Hong Kong protests over China extradition bill
Video appears to show police using long range pepper spray on a photojournalist who got too close to them.
Galileo Cheng told CNN he took the video while standing on Harcourt Road Flyover with his photographer friends.
“Basically, police first tried tear gas -- no use as Hong Kongers are used to it. Then they took out AR15 (rifles) and fired at people getting too close. I couldn’t tell the type of bullet but mostly rubber bullets or paint bullets. Bean bags is not used near PLA (Chinese People's Liberation Army Forces Hong Kong) headquarters. Crowd scattered now and gathered near Admiralty Centre side. I’m now at AIA tower near central. Situation is calmer now.”
The glitzy, high-end Pacific Place mall is packed with young protestors, many wearing black shirts and face masks, and yelling in the usually quiet mall foyer.
Hundreds of protestors were driven back into the mall by the police's use of tear gas outside.
Now Pacific Place is packed with people, and there’s a sense of restlessness and frustration. Many have red eyes or faces from the gas outside, and groups are staying close to one another, trying not to lose each other in the tide of people.
Chi Chan, a 30-year-old office clerk, was one of the people pushed back from a walkway into Pacific Place. Sirens were ringing in the mall as she entered, set off by the gas outside.
Her boss let her leave work early to join the protest, and she arrived at 2.30 p.m., right before the gas began to fly.
She said she had come because was concerned by the Chinese legal systems’ lack of transparency, and said in the last five years Beijing had tried to influence Hong Kong too much.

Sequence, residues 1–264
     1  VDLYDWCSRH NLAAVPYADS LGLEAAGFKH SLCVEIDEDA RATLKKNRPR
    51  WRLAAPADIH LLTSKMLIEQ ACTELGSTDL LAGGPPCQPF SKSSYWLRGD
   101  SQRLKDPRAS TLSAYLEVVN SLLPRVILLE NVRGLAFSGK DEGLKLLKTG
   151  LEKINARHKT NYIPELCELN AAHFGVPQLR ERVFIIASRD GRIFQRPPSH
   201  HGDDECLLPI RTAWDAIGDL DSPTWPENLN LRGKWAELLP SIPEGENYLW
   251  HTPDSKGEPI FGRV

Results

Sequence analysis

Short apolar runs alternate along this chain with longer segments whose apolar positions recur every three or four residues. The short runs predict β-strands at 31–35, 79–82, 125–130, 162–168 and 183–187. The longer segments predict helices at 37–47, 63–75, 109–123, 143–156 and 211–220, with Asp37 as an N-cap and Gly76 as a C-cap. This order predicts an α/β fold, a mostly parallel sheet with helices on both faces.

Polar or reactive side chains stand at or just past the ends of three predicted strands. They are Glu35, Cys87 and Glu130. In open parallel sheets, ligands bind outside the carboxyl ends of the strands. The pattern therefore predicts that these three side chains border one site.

Although Wednesday looked like it could be the beginning of another Umbrella movement, she said it would be more difficult for protestors to pull it off this time around -- the government and authorities had learnt from past experience.
“It’s not that easy,” she said.
The use of force by the Hong Kong police has succeeded in driving back protesters from Harcourt Road in front of the Legislative Council, the center of the unrest earlier in the day.
On Wednesday morning, this was the scene in the center of Harcourt Road.
By dusk, it was an altogether different image, as police fired tear gas and rubber bullets to push the crowds back, away from the government complex.
Images on social media appear to show panic in Hong Kong's Admiralty station as tear gas begins to drift into the subway, effecting passengers during the peak rush hour period.
The district where the protest is taking place is in the heart of the downtown area, close to the city's financial hub.
Police have cautioned residents to stay away from the protest area, but due to the relatively small size and compact nature of Hong Kong, this isn't always possible.
Protesters are seen throwing bits of debris at police as they try to come down the stairs of a walkway onto Harcourt Road.
Commissioner of Hong Kong Police Steven Lo Wai-chung has confirmed that police have used a range of weapons -- including rubber bullets -- to suppress protests in the city center.
Alongside rubber bullets police have used tear gas, batons, pepper spray, pepper-spray solution and bean-bag rounds on Wednesday, Lo confirmed.
Lo defended the use of the heavy-duty emergency weapons by labelling the protest "a riot."
He said the protesters had attacked police lines and left officers with "no choice but to start to use force." He added that the pro-democracy protesters had used sharpened iron bars and bricks, resulting in injuries to a number of officers.
He urged residents not to enter the city's Admiralty area.